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Covering Migration: Toolkit for journalists around the world now launched online

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Media and social media narratives have a bigger than ever role in shaping public opinion about what is going on around us. Minority Rights Group (MRG) has spent years working with and training journalists covering stories about minorities and migration. We seek to ensure that otherwise uncovered stories get told and that it is the concerned communities themselves that get to do the telling. This involves fighting stereotypes and identifying the best practices about how to portray these communities in an appropriate, effective and in-depth way. In the process, we have had the privilege to work alongside and learn ourselves from experienced media professionals. Now we have gathered all these lessons and experiences into a single online resource that we hope every journalist will find useful.

’We believe passionately about the importance of quality journalism, not least in these troubled times,’ emphasises Carl Soderbergh, MRG’s Director of Policy and Communications. ’That is why we want to share with all interested media what we’ve learned over the years, through our online courses, webinars and field-trips. Our aim is to support development journalists who are seeking a truly global outlook by bringing a more diverse and complex picture of migration-related issues to audiences, while at the same time empowering the subjects of their coverage through a respectful and inclusive approach to their work’.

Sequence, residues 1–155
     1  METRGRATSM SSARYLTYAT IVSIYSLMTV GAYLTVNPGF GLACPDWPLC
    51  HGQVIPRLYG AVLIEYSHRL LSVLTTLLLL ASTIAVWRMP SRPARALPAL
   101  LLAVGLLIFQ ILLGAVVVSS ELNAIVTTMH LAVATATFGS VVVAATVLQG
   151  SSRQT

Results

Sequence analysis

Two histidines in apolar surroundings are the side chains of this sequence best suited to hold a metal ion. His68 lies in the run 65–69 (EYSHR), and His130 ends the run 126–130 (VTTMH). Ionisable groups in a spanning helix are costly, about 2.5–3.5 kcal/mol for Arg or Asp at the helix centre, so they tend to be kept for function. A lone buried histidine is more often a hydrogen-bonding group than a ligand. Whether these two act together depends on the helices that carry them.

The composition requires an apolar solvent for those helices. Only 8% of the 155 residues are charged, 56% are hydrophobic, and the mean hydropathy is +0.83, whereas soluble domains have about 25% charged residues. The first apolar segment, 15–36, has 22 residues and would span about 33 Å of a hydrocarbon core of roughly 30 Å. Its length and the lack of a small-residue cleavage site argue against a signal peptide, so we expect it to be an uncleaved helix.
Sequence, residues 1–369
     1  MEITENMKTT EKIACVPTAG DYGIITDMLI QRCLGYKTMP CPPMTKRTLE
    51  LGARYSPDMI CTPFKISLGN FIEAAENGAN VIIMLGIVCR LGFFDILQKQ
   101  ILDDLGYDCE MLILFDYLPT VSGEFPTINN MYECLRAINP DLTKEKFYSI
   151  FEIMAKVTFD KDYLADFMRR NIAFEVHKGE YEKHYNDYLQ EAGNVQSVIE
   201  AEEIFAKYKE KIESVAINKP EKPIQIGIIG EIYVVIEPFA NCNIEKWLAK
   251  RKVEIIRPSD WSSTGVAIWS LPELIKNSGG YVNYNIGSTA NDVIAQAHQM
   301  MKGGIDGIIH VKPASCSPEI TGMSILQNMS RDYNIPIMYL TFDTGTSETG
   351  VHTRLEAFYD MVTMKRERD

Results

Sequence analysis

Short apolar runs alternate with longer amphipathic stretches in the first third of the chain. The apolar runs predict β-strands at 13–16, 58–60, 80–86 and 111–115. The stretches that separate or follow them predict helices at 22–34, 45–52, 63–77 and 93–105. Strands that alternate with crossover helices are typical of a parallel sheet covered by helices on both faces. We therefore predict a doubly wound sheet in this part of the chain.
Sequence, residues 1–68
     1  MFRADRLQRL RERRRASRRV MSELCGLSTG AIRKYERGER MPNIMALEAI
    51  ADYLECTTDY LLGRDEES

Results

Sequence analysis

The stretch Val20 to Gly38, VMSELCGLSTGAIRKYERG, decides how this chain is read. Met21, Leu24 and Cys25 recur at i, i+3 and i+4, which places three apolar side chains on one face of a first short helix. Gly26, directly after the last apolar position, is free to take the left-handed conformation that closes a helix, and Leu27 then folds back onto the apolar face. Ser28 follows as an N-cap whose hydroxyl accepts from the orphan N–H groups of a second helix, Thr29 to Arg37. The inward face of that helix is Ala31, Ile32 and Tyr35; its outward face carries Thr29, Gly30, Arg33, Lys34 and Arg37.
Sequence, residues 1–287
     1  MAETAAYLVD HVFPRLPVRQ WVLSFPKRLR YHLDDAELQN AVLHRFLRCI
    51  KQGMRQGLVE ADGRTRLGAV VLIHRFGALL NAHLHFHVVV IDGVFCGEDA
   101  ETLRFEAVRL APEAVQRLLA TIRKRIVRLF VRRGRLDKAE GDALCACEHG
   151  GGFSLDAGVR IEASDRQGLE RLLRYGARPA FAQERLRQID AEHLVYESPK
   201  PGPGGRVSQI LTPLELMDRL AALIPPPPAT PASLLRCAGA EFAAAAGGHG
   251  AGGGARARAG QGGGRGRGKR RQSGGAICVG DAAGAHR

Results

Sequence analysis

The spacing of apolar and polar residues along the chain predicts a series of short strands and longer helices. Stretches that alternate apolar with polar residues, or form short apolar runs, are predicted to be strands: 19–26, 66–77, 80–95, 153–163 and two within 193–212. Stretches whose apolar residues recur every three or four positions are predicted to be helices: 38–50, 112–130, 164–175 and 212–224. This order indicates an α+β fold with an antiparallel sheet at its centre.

MRG knows that migration is a complicated topic. The more complex relationships, such as that between minority exclusion and poverty, and the role of development and poverty alleviation in addressing the root causes of migration, are even less well-understood. The dangers of low levels of public awareness and understanding of issues concerning development, migration and minorities, are manifold.

‘We know that the media can both help and hinder the fight for minority and migrant rights. Inaccurate or insensitive coverage can lead to reduced good will towards refugees and other migrants living in our societies, make the general public vulnerable to misinformation and manipulation, harm social cohesion, and even lead to violence or unrest,’ adds Soderbergh.

The “Covering Migration” toolkit, compiled by Peter Ivanic, teacher of global journalism and journalist himself, will be continuously updated and will hopefully become one of the leading resources for journalists and other media professionals daily covering stories of migration. We also hope that the toolkit will be useful for editors who work with these reporters, as well as media professors, students of journalism and even NGO media workers.

The toolkit provides learning resources, case studies, checklists on ethical, impartial reporting, list of contacts and links. But what is special about our toolkit is that it goes deeper, it encourages journalists to reflect on who they are and why they think about certain issues in a way they do. At the same time we have realised that most of the similar toolkits as well as NGOs focus dominantly on coverage in the field, but in reality the vast majority of coverage on global issues, including migration, takes place from behind a desk. And there is huge space for making things differently. Our toolkit might help with that, too.

All journalists: experienced professionals and beginners, who seek to enhance the quality of their work when reporting on migration, should take a deeper look.

Note to editors:

  • Minority Rights Group International (MRG) is the leading international human rights organisation working to secure the rights of ethnic, religious and linguistic minorities and indigenous peoples. We work with more than 150 partners in over 50 countries.

 

For more information or to arrange interviews contact:

Anna Alboth, MRG Media Programmes Officer

M: +491781426627 / E: anna.alboth@mrgmail.org / Twitter: @MinorityRights